Roots are essential organs for higher plants. They provide the plant with nutrients and water, anchor the plant in the soil, and can serve as energy storage organs. One remarkable feature of roots is that they are able to adjust their growth to changing environments. This adjustment is possible through mechanisms that modulate a diverse set of root traits such as growth rate, diameter, growth direction and lateral root formation. The basis of these traits and their modulation are at the cellular level, where a multitude of genes and gene networks precisely regulate development in time and space and tune it to environmental conditions.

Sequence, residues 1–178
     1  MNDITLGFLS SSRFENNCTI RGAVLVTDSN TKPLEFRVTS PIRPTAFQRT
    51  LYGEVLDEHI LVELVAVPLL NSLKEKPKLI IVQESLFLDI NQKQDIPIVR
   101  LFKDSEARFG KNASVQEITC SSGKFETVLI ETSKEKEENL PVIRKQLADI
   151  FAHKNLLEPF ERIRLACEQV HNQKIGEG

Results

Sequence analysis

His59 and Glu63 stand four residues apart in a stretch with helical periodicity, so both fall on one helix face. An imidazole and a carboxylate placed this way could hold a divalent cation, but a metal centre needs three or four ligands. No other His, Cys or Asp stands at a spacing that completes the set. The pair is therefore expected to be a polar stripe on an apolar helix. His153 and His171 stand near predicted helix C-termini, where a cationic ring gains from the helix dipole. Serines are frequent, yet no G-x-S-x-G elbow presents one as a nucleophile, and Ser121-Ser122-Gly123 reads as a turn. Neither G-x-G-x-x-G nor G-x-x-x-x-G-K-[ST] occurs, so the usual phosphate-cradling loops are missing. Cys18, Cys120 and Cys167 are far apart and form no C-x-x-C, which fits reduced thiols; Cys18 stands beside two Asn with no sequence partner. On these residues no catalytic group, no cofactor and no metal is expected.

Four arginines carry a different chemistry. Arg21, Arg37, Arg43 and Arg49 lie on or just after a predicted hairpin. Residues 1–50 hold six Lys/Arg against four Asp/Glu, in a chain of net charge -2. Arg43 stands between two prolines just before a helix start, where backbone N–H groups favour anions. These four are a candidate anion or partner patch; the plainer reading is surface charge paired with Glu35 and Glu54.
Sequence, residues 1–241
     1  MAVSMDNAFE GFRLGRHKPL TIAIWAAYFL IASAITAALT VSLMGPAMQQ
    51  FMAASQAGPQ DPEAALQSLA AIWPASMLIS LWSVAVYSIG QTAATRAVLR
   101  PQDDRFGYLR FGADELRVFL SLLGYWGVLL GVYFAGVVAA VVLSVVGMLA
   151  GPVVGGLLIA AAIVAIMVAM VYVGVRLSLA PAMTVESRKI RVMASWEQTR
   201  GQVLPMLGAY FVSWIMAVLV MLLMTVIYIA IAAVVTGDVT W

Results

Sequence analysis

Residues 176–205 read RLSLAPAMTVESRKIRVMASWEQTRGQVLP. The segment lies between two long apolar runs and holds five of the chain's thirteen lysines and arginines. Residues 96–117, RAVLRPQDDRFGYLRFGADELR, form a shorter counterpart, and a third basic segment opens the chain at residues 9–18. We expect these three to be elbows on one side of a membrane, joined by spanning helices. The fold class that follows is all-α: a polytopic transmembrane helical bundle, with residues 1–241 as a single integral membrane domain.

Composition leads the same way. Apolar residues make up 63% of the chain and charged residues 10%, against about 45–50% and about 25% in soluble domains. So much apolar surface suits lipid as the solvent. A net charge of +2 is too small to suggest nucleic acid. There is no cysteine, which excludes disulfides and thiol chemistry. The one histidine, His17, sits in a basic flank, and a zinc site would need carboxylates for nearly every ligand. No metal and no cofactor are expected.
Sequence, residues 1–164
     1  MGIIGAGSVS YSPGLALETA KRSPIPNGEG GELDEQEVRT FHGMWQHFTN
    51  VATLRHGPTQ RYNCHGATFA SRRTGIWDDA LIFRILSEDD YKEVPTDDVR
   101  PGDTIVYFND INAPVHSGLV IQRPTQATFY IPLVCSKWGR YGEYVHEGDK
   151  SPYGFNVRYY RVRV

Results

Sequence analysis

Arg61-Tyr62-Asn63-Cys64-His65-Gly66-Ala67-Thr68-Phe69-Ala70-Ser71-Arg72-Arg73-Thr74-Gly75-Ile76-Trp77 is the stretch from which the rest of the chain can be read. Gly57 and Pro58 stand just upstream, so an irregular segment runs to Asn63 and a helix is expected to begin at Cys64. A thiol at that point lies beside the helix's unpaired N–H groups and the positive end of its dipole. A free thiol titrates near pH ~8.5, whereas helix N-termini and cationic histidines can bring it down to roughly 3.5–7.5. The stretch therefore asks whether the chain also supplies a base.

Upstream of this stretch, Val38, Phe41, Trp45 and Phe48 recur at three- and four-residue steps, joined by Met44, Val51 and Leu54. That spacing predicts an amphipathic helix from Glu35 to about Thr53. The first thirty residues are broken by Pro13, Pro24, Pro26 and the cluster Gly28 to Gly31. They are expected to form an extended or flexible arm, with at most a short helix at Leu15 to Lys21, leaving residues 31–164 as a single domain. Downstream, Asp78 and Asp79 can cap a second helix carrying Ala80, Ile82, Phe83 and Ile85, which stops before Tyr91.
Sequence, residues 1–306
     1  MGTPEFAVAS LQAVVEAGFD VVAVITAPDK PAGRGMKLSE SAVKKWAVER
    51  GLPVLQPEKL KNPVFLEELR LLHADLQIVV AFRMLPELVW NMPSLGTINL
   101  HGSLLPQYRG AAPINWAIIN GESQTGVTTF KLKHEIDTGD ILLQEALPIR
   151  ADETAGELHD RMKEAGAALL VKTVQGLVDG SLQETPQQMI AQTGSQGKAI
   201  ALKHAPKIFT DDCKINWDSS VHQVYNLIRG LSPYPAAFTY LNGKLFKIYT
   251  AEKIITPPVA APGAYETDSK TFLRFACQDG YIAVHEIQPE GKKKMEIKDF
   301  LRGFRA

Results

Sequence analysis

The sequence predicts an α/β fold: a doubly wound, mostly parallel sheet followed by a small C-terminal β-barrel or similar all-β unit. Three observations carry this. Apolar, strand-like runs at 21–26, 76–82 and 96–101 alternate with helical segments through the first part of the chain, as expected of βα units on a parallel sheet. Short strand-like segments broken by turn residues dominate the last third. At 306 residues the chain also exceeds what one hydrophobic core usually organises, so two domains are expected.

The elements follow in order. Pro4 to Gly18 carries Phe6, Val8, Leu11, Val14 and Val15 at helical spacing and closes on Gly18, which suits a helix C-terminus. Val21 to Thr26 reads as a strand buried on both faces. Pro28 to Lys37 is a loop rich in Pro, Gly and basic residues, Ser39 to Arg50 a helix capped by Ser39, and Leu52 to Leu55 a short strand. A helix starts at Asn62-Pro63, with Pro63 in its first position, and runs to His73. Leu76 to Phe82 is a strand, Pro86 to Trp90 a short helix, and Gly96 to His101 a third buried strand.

Slovak et al. describe the root system and review key studies that elucidated basic principles and pathways underlying the regulation of its growth and development. They further illustrate how systems biology has helped to address the complexity of these processes. Finally, they argue for pursuing systems genetics approaches which merge genetics, genomics, systems biology and phenomics to move beyond the limitations of past and current approaches.